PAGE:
The second trip was a little more interesting. I had grown from a 10-year-old boy to a 25-year-old, and it was a big change! My height became 5’8″ and I had grown some beard… I believe I was the tallest, biggest guy in the area! 😅 I could still remember the face of the little kids passing by the neighborhood and asking in Pangasinense, “Who is this guy? Who is his mother?” And my Lola (grandma), she couldn’t believe her eyes when she saw me! But she was happy! We had different celebrations (Pasko) across the month of December, and it was an unforgettable experience.
Here’s a video of Fahed singing “Buwan” by Juan Karlos:
5. How did you learn Tagalog?
I think in any learning curve, there should be that self-interest to learn anything, and everything else will follow afterwards. For example I have always wanted to know what the words at shaka (also) means, and I tried my best to learn how to use it in a sentence. Major credits also go to the little Karaoke box, which I used to sing classic Filipino songs!
And lastly, I learned because of “showbiz!” We have a daily routine of watching TV shows with Mom and family at home, where we have The Filipino Channel (TFC). So yes, thank you, TFC!
6. How do people react when they learn that you are fluent in Tagalog?
I think both (Filipinos and Emiratis/Arabs) get shocked in the beginning, to the point that they cannot believe it! So they will immediately say, “Oh, the guy just knows a few words only.” But when I start speaking fully, they snap out of the conversation and start looking at me as if I have done a miracle! For the people from the Arab world and the UAE, they feel surprised because it’s usually the first time they see someone like me. As for the Filipinos, they get super excited and proud because their language is embraced by an Emirati and Filipino character.
I remember the Ambassador, who said once that I am the true meaning of two countries and it’s co-existence embraced in one person, as I have “the gift of two cultures and countries.”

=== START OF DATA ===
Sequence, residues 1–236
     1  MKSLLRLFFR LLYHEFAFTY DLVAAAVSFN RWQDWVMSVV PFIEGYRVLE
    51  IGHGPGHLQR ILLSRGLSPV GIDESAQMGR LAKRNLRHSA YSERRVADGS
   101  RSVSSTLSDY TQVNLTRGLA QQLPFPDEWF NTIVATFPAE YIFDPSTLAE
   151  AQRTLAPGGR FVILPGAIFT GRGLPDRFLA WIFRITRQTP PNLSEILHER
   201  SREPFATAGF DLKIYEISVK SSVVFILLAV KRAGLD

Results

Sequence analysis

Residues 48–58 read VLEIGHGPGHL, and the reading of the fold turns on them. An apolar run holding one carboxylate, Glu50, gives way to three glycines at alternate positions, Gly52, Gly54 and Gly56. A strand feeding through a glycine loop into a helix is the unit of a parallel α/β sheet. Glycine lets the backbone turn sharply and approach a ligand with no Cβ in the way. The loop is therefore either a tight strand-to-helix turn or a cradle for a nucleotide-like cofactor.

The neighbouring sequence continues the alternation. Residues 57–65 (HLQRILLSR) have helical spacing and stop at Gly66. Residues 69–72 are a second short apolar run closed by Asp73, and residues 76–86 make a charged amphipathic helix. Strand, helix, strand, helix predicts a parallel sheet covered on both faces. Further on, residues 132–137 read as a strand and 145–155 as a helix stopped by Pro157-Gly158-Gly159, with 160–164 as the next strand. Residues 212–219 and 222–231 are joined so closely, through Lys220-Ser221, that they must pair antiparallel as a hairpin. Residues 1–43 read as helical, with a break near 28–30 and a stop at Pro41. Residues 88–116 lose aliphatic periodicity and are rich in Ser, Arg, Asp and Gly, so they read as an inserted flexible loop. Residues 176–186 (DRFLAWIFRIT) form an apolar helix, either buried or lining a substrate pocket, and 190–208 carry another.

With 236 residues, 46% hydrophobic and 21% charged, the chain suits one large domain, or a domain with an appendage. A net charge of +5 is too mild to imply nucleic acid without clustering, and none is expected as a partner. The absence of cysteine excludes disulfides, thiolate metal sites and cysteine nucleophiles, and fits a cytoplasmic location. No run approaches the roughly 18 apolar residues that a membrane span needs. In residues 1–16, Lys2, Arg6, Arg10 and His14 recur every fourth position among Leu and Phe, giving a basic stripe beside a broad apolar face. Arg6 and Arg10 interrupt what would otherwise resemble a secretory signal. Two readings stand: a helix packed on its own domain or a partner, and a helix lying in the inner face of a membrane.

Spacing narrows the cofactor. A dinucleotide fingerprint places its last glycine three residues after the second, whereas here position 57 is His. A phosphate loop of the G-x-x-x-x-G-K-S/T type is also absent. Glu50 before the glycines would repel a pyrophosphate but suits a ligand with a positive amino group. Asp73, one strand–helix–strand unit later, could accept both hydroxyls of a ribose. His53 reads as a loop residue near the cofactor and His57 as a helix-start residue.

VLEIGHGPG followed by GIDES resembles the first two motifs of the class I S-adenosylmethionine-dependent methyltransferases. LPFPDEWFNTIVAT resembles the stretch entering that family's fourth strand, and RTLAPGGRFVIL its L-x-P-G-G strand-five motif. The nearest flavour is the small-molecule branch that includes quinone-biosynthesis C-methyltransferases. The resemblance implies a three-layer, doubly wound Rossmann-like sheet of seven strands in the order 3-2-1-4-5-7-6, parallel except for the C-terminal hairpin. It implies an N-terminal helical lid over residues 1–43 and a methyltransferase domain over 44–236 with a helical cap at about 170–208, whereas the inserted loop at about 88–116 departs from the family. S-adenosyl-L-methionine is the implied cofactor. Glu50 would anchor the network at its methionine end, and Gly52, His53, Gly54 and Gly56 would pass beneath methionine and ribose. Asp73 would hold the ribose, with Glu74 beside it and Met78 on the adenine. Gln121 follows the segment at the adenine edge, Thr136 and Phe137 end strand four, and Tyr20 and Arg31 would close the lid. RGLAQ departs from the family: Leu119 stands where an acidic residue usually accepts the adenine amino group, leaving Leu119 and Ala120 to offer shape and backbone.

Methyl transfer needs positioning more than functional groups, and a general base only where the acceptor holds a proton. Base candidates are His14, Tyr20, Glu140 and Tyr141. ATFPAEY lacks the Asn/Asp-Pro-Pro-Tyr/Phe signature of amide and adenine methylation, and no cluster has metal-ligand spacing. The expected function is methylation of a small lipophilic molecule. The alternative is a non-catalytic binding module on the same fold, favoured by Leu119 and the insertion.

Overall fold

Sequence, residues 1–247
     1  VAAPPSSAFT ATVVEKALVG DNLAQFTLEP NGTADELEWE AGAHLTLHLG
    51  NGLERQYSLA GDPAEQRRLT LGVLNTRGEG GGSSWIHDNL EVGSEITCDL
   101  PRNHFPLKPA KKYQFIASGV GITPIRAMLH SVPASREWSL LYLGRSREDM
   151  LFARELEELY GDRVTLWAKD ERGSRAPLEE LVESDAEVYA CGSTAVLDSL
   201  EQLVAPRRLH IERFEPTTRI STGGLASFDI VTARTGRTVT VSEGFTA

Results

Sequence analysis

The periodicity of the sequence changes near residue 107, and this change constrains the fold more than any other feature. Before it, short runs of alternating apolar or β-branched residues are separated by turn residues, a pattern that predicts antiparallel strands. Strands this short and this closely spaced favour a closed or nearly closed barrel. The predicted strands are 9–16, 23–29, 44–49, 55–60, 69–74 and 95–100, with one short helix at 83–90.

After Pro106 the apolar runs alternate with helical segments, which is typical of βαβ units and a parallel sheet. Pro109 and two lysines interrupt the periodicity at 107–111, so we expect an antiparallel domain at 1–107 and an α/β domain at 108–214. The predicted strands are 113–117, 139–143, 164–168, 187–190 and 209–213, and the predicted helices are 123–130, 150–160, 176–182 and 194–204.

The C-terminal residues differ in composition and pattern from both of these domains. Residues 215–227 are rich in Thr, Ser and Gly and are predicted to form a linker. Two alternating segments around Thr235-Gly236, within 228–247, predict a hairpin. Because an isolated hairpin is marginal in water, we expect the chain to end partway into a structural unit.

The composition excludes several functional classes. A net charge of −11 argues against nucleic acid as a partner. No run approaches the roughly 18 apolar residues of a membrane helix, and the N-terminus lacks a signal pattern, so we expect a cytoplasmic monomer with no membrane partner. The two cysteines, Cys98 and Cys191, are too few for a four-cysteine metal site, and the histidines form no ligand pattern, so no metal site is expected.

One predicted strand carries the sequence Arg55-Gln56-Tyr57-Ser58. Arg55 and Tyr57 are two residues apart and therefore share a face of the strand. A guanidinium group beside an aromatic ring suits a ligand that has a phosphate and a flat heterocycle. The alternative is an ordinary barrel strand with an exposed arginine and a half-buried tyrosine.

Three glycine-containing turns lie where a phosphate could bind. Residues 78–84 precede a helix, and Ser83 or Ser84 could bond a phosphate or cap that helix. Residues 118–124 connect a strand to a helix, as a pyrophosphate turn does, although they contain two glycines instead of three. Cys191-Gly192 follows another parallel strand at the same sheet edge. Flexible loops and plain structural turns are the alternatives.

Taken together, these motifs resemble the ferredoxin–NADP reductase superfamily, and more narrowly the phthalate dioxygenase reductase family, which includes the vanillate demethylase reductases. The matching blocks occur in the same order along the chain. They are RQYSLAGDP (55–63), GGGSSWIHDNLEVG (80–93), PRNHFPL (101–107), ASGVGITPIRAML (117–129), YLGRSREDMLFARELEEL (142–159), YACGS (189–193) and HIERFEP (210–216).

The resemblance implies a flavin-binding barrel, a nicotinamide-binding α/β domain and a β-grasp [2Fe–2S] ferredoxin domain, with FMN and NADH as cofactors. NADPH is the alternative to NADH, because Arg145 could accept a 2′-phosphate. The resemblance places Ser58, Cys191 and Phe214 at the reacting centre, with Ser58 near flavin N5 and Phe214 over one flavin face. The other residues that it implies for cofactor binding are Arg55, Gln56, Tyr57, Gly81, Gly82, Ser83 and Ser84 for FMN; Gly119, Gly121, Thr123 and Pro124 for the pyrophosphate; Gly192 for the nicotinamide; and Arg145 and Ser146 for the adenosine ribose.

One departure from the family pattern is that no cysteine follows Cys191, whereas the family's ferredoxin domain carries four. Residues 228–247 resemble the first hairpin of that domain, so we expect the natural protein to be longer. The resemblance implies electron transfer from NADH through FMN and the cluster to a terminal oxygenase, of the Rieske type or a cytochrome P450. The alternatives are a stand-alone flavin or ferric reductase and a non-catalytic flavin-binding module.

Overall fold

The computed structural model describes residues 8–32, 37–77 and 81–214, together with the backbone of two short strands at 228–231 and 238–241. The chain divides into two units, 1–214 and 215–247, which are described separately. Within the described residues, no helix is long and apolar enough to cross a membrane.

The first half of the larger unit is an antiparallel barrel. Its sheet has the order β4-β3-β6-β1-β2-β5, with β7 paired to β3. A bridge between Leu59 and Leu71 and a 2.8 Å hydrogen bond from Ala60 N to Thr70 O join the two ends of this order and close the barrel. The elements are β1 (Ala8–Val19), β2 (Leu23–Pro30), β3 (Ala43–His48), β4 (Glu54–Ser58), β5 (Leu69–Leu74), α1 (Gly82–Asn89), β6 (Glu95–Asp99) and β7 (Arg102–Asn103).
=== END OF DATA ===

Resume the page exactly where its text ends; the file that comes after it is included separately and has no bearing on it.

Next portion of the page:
7. What’s your favourite Filipino and Emirati dish?
My favourite Filipino dish is the Beef Sisig, while my favourite Emirati dish is Machboos Chicken!
8. What do you think about Filipinos abroad, especially in the UAE, who come here to work in order to support their families back in the Philippines?
I think Filipinos abroad (with respect to all the global overseas workers) are the most hardworking people in the planet. Not just because of the work ethics, but because there is a smile behind every global Filipino. Their hard work, diligence, and the consistency of delivery is just phenomenal. They simply give their all! And their sacrifice, by itself, deserves thousands of recognition. For me, honestly, being a father of two kids makes it difficult to even compare the feelings of a global Filipino working abroad to provide for their families. I salute every global Filipino!
9. Do you have any message to Filipinos working in the UAE?
First, I would like to extend my deepest thanks, from the bottom of my heart — to all Filipinos here — for being part of the UAE’s success, and also for being part of the society. I would also like to emphasize that what you do today might be easy or difficult, regardless of the situation — but the outcome of it is tremendously valuable in terms of experience. Make every day count, and be sure that God will reward you infinitely.
Thank you global Filipinos!
11. Do you have any plans for Emaratino Traveler that you would like to share with our readers?
Definitely, I have several upcoming surprises this year, the Year of Tolerance. I cannot disclose it at the moment, but we will surprise you with music video covers by Emaratino this Eid. We will also launch our new restaurant business concept very soon!
Connect with Fahed on Social Media
To know more about Fahed, you may get in touch with him through his social media channels:
*Photos provided by Fahed